As is well known, ferrites have three non-linear physical characteristics that may be utilized for power limiting. These characteristics are known as (1) premature decline of the main resonance; (2) subsidiary resonances; and (3) coincidence of the main resonance with the subsidiary resonance. The first and third ones of these characteristics are applicable to devices that have relatively narrow bandwidths. Generally, ferrite power limiting devices are designed to utilize the subsidiary resonance characteristic because it offers broad bandwidths and sharper frequency selectivity. This characteristic is particularly suited for electronic warfare receivers, and communications receivers that must operate in a dense signal region of the electromagnetic spectrum. In electronic warfare systems, the frequency selective properties of ferrites make it possible to monitor a plurality of signals within the pass band of the receiver and, if one or more monitored signals exceed the limiting threshold, while others do not, the signals that exceed the threshold are limited to the threshold level while the other signals are passed unaffected.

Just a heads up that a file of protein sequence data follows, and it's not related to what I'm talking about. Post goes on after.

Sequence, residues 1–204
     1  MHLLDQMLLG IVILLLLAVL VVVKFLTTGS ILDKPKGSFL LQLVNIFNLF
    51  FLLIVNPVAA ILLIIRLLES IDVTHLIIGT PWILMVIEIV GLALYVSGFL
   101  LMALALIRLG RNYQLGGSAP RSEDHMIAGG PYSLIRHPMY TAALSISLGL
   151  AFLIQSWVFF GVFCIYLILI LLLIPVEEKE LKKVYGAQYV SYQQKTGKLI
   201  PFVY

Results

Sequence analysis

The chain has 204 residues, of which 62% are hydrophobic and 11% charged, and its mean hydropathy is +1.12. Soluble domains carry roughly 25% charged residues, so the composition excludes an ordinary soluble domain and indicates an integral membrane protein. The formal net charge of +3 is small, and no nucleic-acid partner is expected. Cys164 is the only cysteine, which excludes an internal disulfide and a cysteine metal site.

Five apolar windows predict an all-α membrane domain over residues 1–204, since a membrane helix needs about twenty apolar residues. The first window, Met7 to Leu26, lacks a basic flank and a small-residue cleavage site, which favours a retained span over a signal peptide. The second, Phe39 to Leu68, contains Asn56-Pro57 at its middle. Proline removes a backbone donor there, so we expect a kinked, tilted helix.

Ferrites used for subsidiary resonance are typically crystalline, ferromagnetic, and non-conductive. Each molecule of the crystal has a magnetic moment and a DC magnetic field is established through the crystal in a direction such that the magnetic moments of the crystal are aligned with the applied magnetic field. Millimeter wave energy traversing the ferrite material causes the magnetic moments to precess relative to the magnetic field direction at a rate which is determined by the strength of the DC magnetic field. The output power is thus directly proportional to the input power, up to a critical threshold power Pc.